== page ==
That's amazing. And I think a lot of people have this dream of writing a book. I believe that a lot of people, most people do, have at least one good book in them that they could write. But we all know many people who say, “Oh, yeah, I want to write a book. I've always wanted to write a book.” And then it never happens.
I know one of the biggest challenges is when you have a full plate. Obviously, Rachel had other things going on in her life. She was working on all of these different rental properties and having that happening at the same time as writing a book.
What tips do you have for someone who's busy? I mean, a lot of my audience, they're freelancers who are successful. So they've probably got a close to fully booked or fully booked schedule. And a lot of people start off with the best of intentions and motivation, but lose that energy. So what recommendations do you have for people who think they might want to write a book and somehow need to find a way to fit that around their existing business and obligations?
Yeah, that's a great question. And I totally agree. I think everyone has at least one book in them. So I get really excited when I can help people with this topic. But I would say I have two tips.
The first one is to set aside time at the beginning of every day. Because if you wait until after work, or after whatever activity you have planned, the further you go along in your day, the less likely you are to actually sit down and set aside those 10 or 20 minutes to start writing.
When I was writing my first book “Money, Honey”, I was employed full time. And I was investing in real estate. We all have crazy schedules. We're all busy. So it's just about prioritizing that time and making sure you do it first thing in the morning before things start getting in your way.
So one day, I sat down and I decided I'm going to track how I spend my time in 15 minute intervals for two days in a row. So literally every 15 minutes, I would write down what did I do the last 15 minutes? And yes, it was kind of tedious to do that and kind of a pain for two days. But man was that eye opening. It's sort of like doing a budget for where your time is going and where you want it to go or not.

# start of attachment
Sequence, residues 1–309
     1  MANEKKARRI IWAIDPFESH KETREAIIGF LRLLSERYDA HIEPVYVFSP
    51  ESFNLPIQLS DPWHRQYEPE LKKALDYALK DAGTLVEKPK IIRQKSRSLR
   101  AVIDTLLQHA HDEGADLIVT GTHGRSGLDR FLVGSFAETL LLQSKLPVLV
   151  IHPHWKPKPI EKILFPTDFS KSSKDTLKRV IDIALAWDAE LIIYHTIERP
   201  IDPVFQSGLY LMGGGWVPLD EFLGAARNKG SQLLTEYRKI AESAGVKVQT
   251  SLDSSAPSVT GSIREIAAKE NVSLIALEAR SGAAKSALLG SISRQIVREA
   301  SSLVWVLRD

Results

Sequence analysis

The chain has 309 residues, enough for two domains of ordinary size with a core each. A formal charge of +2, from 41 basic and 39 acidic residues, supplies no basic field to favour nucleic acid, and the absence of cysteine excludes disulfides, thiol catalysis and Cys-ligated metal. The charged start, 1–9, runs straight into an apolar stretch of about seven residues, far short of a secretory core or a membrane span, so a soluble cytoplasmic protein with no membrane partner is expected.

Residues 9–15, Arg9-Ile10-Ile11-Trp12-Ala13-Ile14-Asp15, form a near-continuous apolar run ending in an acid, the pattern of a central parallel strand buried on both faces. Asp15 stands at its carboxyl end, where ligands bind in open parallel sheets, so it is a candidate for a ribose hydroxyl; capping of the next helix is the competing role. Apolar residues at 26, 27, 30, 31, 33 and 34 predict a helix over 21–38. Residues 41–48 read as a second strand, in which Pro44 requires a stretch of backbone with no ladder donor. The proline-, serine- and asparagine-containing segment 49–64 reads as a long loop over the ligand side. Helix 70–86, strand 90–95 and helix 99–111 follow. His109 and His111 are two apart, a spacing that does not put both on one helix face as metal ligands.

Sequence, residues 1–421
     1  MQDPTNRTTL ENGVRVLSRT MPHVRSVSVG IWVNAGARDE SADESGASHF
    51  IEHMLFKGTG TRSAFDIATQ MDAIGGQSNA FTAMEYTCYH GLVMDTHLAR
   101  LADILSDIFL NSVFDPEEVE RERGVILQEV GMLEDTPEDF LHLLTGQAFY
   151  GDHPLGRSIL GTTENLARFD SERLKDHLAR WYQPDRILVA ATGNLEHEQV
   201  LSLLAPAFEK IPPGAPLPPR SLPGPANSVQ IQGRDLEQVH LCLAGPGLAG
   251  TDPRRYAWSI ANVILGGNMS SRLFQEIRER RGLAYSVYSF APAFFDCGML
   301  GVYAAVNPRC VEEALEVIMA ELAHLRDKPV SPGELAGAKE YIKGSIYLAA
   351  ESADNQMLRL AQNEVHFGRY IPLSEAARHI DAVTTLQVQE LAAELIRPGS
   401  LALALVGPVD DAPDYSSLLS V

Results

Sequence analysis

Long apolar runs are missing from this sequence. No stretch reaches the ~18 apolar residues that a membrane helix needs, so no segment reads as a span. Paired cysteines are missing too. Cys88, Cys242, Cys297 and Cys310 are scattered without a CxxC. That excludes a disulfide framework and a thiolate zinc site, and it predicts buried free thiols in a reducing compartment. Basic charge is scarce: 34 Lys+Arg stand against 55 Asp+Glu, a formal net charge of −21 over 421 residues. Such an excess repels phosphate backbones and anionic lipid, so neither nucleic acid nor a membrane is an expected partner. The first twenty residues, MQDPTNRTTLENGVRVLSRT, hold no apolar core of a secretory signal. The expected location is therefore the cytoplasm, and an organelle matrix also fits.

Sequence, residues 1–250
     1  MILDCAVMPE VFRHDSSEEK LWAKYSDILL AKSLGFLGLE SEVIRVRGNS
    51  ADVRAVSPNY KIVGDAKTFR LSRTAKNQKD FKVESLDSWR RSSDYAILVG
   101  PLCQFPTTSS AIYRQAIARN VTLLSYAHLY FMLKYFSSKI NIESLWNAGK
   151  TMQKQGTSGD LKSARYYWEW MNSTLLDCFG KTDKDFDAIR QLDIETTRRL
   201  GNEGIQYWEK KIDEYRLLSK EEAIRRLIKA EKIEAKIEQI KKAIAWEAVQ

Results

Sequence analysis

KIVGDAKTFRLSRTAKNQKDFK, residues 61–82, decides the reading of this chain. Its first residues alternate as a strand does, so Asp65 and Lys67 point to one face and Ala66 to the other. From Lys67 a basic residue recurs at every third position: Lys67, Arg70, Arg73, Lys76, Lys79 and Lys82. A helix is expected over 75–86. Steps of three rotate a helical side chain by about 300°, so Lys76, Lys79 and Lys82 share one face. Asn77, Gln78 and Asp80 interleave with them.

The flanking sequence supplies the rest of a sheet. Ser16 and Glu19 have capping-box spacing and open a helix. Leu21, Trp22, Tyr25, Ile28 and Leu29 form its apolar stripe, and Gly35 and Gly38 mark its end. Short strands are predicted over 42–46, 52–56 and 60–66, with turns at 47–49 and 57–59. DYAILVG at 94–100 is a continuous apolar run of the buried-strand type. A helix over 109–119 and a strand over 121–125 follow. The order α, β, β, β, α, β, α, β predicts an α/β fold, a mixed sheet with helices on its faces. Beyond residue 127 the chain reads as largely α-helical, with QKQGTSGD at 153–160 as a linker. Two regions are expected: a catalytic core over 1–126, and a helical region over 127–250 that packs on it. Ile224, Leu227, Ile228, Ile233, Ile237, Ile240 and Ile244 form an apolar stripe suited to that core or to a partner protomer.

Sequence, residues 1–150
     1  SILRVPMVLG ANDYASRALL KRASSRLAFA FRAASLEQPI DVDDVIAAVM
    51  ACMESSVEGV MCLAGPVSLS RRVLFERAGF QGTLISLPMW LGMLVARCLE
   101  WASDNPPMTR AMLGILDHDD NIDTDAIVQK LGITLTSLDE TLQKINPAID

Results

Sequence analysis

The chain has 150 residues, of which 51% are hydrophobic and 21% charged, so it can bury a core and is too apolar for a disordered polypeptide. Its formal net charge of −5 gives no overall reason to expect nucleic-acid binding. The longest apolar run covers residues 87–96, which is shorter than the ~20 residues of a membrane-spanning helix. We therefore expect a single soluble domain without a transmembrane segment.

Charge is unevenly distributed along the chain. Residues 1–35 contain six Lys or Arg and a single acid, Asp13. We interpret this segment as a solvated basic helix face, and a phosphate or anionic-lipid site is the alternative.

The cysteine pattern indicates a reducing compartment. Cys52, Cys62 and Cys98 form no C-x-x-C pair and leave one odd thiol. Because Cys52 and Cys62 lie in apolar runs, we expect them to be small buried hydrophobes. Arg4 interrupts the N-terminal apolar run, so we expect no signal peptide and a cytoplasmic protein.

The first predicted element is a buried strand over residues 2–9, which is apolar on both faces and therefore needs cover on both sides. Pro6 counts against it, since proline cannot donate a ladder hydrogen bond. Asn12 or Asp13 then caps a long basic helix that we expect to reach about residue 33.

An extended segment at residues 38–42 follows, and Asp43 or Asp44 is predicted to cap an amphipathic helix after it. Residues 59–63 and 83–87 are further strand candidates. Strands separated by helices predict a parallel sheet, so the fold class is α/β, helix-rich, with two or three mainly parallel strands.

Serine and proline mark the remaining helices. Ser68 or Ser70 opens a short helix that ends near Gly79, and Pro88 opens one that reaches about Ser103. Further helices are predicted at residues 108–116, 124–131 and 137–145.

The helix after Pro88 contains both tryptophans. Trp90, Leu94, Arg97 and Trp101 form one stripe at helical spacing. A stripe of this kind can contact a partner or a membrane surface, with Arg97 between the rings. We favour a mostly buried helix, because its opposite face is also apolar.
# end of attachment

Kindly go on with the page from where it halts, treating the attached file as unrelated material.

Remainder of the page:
And what I realized after two days is that I was saying that I was the busiest person in the world. I couldn't possibly take another appointment. I didn't have any time to do anything. Once I saw how I was spending my time, and this is embarrassing to admit, but I realized I was spending three or four hours per day on social media, or watching TV.
Most times we don't have any perspective. You don't really know where your time is going until you actually sit down and track it. So I think that's an eye opening exercise. Anyone can do that and really easily figure out where am I wasting my time and where can I free up time so I can spend it writing my book or researching book ideas.
That's something I also recommend to business owners who are thinking that they might not need to outsource anything to a virtual assistant or a subcontractor. Because you think that you're being productive and doing all of these things. But when you track your time, you realize how much of your time you're spending on silly things like answering the same questions in an email over and over again or formatting a blog post and WordPress. And that might not be the best use of your time.
I think any of the tedious nature of keeping track of that is more than balanced out by the fact that it really calls your attention to what are you doing with your time. Because you'll find yourself being more mindful. You’ll say, “Hey, I wasted the last 15 minutes. How did I go down this rabbit hole on Instagram scrolling?” Now you're going to be more mindful for the future time periods that you're tracking even within that day and it can really help open your eyes.
I also really support our advice of writing first thing in the day.
Being a full time freelance writer for seven years, if I used up all of my writing energy and creativity on things for my clients, there was absolutely no way that I was even typing one word on my books at night. And so it had to be that first priority. The first thing you work on every day.
And I think sometimes people set these big, crazy goals that you can't really accomplish like, “Well, I'm going to add 5000 words to my book this Saturday.” Wouldn't it just be easier if you said you're going to do like 1000 words every morning, Monday through Friday? Don't set these giant, enormous goals that put so much pressure on you and feel like such a letdown if you fail.
If you miss Tuesday morning’s 1,000 word writing session, you still got at least 4000 words towards your book. That's much more effective than putting this pressure on. I'm going to spend the whole day writing Saturday and I'll get 5000 words. And you get zero and that disappointment is crushing because then it's like, “Well, I guess I have to wait to get another week until my next Saturday to write.” So breaking it down into that morning activity is really important.
So we've talked about two different types of passive income streams, books and rental properties. Are there other recommendations for passive income or side income streams that you can recommend for people who have online business savvy and skills?
Rachel’s other passive income recommendations.